A fifth of British homeowners, 1.6 million households, are concerned about repaying their mortgage over the next three months, according data collected by Joseph Rowntree Foundation,
Moreover, 1.9 million customers were granted a mortgage holiday as a result of COVID-19, with the average suspended mortgage payment at £755 per month.
In addition, on average one in six mortgages were subject to payment deferrals, and over 1.2 million of these deferrals were approved in the first three weeks of the scheme.
Pete Mugleston, managing director of the Online Mortgage Advisor, said: “There is no doubt that the pandemic has had a devastating impact on household finances for many and whilst we do not know how many would have defaulted on their loans without the support from the government and banks, many of the 1.9 million applying for payment breaks have found them essential in getting through tough periods of redundancy, or lower income.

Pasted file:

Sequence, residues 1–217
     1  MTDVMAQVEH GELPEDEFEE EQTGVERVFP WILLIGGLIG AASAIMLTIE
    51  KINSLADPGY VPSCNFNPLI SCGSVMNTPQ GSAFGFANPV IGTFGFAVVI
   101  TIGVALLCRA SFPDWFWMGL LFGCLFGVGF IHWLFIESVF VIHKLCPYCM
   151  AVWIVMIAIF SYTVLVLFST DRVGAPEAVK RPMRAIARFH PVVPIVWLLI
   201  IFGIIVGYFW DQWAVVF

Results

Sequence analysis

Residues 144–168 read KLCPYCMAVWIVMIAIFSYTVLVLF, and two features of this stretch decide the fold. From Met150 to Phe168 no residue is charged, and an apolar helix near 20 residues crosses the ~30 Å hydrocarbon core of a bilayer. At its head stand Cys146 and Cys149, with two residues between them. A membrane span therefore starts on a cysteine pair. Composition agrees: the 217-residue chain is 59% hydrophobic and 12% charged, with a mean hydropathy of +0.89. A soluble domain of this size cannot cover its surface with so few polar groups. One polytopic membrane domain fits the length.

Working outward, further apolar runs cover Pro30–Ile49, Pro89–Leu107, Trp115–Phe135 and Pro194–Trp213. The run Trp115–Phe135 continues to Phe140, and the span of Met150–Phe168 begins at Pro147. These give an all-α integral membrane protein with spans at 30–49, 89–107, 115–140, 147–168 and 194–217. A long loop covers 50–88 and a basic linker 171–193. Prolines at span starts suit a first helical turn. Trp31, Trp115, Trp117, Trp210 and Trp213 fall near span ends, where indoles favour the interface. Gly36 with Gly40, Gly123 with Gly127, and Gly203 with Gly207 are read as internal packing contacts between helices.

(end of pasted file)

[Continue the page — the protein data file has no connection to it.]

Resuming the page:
“The problem is that those now looking to resume payments are facing increased job losses and further lockdowns across the country and may experience real financial hardship over the coming months.
“Even if a small proportion continue to fall behind on their mortgage repayments, it could be catastrophic. That said it is certainly plausible that not all payment breaks were taken by those who actually struggled financially.
“The reality of this now reveals a problem that has always existed – the disparity between CRA credit scores and what lenders actually use to make their decisions.
“Scores these days are much more of a marketing tool than something used by lenders in new applications for credit. The details on a credit file are interpreted, analysed and assessed by each lender, so what can improve a ‘credit score’ is not necessarily what lenders will be happy with.”